The Fervor of the Vegan

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fisher may6 vegan.jpg

Photo by Iain Farrell/FlickrCC


For some, not eating meat is a lifestyle; for others, it's a religion. I, like most vegetarians, am a member of the lifestyle camp. The religion camp is populated by primarily by vegans--people who choose to give up not just meat but all animal products: eggs, dairy, leather, and a wide range of seemingly innocuous foodstuffs (some kinds of sugar, for example, which use trace amounts of ground animal bone for whitening). The rationale, they'll be happy to tell you, is that animals suffer unduly in the process. It's true.

The logic behind veganism makes perfect sense to me; then again, so does the logic behind giving up all one's possessions for charity and living a life of ascetic minimalism. It's more moral, it's more ethical, and, like most people, it's more than I'm able to do.

I think of vegans the same way I think of Peace Corps volunteers: I'll gladly cheer them on as they make the world a better place, but I'm about as likely to give up dairy as I am to live without electricity in Guiana for a year. I like my air conditioning, I like my pizza. Unfortunately, many vegans don't seem content with this arrangement. Fair or unfair, they've gained quite a reputation as the angry vegetarians--the vegevangelists who have harsh words for meat eaters and, if you seem at all receptive, will give you some literature to read.

For a vegetarian, vegans are a blow to any confidence I feel in my chosen lifestyle. If I really cared about animal welfare, wouldn't I be vegan?

Just before Mark Oppenheimer published his wonderful Slate article on life in a "mixed marriage" (his wife is vegetarian, he is not), he wrote on his personal blog, "Hard to say who will send me more angry mail ... the vegans or the beef lobby." I don't know what the response was, but if his experience was anything like mine, his inbox became Vegan Target Number One.

Vegans are statistically minuscule--about one quarter of one percent of Americans--and can seem most significant for the questions they raise about the rest of us. For a vegetarian like me, they are a blow to any confidence I feel in my chosen lifestyle. If I really cared about animal welfare, wouldn't I be vegan? If I don't have it in myself to live as a vegan, does that make the sacrifice of vegetarianism insignificant in comparison? Worse, does it make me a hypocrite?

The many vegans who emailed me and commented on my last column largely had the tact not to point this out, and they didn't need to. I know all too well about the cruelties of egg and dairy factory farms, cruelties to which, as I pat myself on the back for not eating meat, I continue to contribute every day.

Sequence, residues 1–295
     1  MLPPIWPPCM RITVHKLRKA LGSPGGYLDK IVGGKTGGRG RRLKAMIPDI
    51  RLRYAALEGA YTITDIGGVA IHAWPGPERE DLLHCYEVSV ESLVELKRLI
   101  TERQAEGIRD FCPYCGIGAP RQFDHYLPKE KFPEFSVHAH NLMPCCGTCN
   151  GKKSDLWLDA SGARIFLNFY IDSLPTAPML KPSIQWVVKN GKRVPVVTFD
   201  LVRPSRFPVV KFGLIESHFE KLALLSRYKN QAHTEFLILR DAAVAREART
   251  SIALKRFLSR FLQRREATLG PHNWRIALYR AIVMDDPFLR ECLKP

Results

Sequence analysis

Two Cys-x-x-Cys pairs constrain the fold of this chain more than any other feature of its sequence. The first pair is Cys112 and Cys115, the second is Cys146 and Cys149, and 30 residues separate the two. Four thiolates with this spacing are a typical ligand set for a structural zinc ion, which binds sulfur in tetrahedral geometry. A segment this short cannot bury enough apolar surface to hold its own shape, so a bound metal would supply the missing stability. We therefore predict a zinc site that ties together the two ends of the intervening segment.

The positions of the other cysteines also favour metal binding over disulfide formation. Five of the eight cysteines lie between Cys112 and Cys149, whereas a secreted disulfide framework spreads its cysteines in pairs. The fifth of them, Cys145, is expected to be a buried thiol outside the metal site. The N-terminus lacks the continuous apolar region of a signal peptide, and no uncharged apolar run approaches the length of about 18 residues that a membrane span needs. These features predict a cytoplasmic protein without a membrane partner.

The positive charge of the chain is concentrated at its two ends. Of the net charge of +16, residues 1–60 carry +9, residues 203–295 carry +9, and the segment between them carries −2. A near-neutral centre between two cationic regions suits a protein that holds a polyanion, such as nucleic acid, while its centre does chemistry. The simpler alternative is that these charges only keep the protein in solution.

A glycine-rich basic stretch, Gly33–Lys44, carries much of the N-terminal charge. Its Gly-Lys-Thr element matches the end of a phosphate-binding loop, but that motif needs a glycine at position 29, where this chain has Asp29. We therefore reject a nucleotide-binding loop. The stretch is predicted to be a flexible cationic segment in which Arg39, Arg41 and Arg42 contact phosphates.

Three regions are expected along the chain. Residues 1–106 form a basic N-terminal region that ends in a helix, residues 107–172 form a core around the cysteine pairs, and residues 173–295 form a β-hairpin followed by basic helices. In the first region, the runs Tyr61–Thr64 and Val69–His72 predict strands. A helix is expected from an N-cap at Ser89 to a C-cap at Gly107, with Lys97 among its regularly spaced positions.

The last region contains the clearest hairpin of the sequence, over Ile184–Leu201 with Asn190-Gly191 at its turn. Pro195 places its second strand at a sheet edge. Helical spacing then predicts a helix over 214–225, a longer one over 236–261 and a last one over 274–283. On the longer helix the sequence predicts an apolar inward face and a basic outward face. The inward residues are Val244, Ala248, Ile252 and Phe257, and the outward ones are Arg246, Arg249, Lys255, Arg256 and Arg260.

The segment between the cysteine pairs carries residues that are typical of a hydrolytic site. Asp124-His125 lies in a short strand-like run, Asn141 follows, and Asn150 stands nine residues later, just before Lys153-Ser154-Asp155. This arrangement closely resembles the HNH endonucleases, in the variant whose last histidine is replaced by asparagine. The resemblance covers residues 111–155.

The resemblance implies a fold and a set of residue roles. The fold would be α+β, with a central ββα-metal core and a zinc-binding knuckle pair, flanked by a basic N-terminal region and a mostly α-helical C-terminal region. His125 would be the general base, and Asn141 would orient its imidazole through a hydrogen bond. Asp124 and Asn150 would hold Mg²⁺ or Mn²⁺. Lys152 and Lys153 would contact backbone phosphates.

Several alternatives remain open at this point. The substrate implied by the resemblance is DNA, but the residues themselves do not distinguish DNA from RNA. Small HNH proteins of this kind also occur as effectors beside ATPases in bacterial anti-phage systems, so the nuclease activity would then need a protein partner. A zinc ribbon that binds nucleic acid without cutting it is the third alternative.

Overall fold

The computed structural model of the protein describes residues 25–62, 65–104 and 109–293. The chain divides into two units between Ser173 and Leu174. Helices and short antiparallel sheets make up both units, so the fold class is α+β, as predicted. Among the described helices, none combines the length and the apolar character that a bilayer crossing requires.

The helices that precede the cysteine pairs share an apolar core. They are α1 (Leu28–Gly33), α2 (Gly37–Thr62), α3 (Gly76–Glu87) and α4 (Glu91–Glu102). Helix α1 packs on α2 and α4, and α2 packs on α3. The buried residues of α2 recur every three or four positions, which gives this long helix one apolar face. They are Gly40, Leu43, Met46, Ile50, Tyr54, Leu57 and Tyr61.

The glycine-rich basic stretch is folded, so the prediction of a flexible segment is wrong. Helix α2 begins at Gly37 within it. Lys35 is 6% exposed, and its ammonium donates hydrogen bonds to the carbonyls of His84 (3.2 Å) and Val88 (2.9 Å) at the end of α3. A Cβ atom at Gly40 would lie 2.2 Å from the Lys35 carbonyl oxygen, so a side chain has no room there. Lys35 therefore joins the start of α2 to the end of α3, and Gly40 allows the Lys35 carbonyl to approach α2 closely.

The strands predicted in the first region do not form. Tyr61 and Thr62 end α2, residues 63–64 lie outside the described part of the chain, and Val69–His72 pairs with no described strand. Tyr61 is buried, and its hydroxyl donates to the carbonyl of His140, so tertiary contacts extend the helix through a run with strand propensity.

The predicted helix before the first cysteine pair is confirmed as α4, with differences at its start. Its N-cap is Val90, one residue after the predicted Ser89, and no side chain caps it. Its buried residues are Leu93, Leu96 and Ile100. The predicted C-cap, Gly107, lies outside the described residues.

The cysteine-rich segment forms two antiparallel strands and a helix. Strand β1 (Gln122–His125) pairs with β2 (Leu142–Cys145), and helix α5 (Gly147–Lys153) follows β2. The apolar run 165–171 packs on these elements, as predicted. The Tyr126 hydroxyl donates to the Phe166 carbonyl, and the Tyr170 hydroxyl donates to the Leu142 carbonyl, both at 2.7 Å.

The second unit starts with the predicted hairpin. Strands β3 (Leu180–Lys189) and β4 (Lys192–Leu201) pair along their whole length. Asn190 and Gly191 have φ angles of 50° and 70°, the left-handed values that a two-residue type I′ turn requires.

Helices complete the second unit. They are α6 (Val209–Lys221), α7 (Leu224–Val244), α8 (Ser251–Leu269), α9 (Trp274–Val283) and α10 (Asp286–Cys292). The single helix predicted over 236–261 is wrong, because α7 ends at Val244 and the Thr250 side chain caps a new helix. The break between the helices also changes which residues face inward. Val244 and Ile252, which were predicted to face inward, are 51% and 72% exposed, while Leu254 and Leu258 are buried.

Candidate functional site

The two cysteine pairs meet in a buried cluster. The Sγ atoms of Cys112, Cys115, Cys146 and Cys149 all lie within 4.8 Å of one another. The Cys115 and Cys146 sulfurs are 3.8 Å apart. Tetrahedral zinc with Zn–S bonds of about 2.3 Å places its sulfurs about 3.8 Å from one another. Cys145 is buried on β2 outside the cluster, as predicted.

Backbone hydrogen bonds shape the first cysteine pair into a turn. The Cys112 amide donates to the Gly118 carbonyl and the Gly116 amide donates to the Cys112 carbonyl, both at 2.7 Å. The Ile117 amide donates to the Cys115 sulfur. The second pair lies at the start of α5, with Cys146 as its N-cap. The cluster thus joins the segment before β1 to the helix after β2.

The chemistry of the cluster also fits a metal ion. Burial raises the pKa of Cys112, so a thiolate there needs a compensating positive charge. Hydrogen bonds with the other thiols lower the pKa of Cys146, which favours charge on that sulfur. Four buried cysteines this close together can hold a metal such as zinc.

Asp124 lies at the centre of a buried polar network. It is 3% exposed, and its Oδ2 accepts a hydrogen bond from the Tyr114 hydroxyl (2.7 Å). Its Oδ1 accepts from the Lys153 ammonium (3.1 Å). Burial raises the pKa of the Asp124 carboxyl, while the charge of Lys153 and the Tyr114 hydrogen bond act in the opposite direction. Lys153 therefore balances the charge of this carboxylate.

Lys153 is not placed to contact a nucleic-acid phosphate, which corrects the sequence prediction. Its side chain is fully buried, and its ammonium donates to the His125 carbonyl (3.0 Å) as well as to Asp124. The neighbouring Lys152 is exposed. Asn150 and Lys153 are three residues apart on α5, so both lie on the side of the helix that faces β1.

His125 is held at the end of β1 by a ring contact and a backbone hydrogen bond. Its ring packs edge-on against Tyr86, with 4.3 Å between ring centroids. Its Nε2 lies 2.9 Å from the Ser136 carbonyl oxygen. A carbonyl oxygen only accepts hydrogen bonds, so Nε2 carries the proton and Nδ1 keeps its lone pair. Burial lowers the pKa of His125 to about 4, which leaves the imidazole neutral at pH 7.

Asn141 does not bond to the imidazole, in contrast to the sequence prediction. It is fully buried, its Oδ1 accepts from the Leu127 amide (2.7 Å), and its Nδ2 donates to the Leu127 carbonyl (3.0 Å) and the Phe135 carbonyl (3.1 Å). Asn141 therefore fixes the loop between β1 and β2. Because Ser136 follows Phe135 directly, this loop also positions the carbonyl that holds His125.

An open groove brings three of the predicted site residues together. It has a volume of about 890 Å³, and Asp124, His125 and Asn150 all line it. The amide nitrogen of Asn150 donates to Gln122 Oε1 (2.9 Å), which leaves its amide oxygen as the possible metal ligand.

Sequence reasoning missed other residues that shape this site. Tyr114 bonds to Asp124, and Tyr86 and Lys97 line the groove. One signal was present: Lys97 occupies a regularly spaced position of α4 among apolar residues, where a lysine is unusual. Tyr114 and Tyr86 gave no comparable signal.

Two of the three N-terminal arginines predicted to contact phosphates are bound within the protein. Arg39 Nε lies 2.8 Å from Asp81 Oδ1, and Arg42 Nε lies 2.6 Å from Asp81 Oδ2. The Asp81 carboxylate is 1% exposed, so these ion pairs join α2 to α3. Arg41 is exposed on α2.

Facing this basic contradiction of vegetarianism made me recognize a weight I'd been carrying ever since I gave up meat: I resent vegans. I resent that their mere, if rare, existence calls attention to the hypocrisy underlying the vegetarianism so central to my daily life.

This made me understand the surprising hostility of some omnivores towards vegetarians, belying an assumption that we think ourselves more moral than the rest. We don't, of course. But everyone's a little insecure about eating factory-farmed products, and, triggered, that insecurity can turn easily to hostility.

My mistake--and the mistake of anyone bothered by the diets of others--is placing an objective value judgment on what a person chooses to eat and not eat.

"I don't like to put a political label to my diet. I eat what I eat," Bryant Terry said recently on NPR. Terry is the author of a book on "vegan soul-food" (a clever, if unintentional, double-entendre). "When we box ourselves in, we can often have an unhealthy relationship with food."

fisher may7 tempeh mainpost.jpg

Photo by (c) Sara Remington

Diet, like any personal choice, is just that--personal, one of many facets through which we interact with the world, compromising as we always must between doing good for others and making life livable for ourselves. Whether we eat meat or dairy or neither, whether we take time to help needy in Guiana or just a needy friend, whether we sacrifice for animals or for strangers or simply for our own family, all choices are legitimate and all lives valid. Live and let live. Eat and let eat.

To bury the hatchet, here are two recipes from Bryant Terry sure to please any dietary lifestyle:
Open-Faced BBQ Tempeh Sandwich with Carrot-Cayenne Coleslaw
Little Potato and Sweet Potato Pancakes

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Max Fisher is a former writer and editor at The Atlantic.

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